*World Resources Institute: WRI is an independent institute based in the United States that conducts policy research and provides technical assistance concerning environmental and development issues around the world.
*Results using World Resources Institute (WRI) AQUEDUCT mapping tool
*Result of assessment “physical risk quantity” for region containing production site
Canon collects water data by intake source (public water system, industrial water system, or groundwater) and manages water resources carefully so as not to exceed intake limits for the different regions in which it operates. We also set and manage targets for the volume of water used in production, and constantly strive to reduce water usage by improving production processes and raising water-usage efficiency at each operating site.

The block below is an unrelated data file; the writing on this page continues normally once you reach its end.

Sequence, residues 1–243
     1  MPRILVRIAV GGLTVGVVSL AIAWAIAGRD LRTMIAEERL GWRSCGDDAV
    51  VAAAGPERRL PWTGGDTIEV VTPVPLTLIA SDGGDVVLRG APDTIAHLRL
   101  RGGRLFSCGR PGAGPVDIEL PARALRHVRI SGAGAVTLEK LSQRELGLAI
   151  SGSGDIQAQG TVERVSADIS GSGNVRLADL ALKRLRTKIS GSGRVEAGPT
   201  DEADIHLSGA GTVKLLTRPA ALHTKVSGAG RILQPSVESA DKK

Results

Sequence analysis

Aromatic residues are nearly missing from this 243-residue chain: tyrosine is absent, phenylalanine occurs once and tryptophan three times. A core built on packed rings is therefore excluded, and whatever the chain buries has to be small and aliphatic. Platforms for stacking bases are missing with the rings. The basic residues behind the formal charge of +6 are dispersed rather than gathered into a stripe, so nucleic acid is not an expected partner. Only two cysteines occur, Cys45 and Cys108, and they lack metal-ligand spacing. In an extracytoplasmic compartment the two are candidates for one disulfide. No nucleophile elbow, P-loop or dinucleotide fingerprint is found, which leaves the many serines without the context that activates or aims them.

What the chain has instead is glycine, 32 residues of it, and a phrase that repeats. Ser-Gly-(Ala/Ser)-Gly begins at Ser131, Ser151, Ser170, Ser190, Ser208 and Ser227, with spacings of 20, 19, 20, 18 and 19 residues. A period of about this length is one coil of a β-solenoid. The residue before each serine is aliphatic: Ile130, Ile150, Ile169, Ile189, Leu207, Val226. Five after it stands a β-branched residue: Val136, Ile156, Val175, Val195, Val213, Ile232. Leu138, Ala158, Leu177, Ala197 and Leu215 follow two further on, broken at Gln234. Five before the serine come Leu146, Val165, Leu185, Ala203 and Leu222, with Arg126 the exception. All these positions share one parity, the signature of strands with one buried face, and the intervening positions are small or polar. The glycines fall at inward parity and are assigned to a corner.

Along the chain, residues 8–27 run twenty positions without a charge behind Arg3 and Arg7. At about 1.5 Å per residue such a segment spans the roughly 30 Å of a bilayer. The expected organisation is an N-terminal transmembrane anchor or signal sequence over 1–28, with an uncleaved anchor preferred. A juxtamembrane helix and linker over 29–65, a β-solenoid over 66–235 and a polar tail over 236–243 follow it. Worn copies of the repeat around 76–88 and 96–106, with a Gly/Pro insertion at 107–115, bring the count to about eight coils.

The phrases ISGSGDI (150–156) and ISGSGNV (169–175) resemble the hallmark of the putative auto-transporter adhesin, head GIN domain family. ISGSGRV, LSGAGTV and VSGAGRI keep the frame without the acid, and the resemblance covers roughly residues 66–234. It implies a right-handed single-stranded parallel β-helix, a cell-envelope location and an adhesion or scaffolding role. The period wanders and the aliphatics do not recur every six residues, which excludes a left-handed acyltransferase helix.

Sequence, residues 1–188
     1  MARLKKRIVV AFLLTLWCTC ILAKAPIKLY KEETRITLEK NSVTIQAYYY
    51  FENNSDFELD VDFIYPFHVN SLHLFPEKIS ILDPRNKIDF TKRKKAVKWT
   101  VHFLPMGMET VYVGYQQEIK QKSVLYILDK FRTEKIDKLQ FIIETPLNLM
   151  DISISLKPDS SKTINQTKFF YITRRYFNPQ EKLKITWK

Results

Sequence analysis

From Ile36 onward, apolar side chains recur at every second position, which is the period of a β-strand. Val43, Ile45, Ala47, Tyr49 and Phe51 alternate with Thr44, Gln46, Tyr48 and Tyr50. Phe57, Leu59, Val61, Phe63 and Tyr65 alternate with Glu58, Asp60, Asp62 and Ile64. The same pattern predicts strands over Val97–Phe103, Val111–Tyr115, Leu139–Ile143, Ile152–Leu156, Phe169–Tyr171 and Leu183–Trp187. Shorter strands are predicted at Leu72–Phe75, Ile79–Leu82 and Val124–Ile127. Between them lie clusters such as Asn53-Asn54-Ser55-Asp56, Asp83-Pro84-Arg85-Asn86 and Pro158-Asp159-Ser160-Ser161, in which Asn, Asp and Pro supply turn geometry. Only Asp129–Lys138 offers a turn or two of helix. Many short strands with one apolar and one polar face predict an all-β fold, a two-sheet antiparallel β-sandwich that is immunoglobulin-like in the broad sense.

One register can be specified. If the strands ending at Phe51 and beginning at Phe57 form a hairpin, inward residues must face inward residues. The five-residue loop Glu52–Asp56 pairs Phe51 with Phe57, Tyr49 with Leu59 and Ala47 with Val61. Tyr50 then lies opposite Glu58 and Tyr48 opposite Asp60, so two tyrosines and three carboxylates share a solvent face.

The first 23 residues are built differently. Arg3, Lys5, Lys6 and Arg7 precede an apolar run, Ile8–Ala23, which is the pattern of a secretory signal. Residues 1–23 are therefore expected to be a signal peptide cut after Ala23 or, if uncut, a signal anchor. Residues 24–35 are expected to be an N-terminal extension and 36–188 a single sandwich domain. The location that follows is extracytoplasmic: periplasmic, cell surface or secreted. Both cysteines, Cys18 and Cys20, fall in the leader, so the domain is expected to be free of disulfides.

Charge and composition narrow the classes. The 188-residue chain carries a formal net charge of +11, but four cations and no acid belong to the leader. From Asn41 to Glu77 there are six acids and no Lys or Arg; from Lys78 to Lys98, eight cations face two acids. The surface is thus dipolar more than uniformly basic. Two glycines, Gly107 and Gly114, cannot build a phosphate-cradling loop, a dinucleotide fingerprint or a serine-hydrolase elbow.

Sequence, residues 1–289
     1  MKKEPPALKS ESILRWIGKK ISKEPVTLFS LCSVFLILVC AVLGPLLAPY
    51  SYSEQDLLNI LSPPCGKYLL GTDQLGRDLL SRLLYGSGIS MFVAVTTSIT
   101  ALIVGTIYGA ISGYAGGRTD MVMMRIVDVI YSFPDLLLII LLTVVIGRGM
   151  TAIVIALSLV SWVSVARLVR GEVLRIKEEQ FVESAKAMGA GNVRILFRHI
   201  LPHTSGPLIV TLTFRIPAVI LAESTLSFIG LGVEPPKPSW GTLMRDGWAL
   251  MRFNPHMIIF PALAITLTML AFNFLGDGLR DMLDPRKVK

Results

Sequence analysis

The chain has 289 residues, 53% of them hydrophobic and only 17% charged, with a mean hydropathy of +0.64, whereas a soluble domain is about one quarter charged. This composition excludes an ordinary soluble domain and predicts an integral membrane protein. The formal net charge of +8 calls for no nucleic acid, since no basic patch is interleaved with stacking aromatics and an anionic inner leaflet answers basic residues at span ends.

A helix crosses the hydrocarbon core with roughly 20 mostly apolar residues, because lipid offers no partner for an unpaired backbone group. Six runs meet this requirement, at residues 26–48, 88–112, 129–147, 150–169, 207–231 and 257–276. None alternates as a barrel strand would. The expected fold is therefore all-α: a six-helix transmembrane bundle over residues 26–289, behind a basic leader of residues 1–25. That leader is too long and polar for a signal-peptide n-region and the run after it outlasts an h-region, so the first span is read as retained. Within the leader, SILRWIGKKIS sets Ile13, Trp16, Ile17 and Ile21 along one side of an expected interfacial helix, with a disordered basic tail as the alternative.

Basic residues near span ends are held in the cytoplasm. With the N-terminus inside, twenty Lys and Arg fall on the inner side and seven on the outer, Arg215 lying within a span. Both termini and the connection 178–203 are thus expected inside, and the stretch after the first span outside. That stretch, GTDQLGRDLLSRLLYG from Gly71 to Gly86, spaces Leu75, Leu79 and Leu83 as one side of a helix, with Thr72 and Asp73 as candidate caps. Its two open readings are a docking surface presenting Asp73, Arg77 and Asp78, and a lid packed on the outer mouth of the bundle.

Canon promotes the recycling of water resources. The Kitsuki Plant of Oita Canon Materials Inc. is located on Beppu Bay, home to precious natural resources and habitats. In consideration of the impact on the ecosystem, the plant employs a closed wastewater system that discharges nothing but rainwater.
In 2018, we worked at all operational sites to reduce water consumption and promote recycling. Nevertheless, total water consumption showed a slight year-on-year increase of 19 TCM to 9,725 TCM.
*Figures for 2017 onwards include data for Canon Medical Systems.
We introduce other Canon's Environmental Material Activities.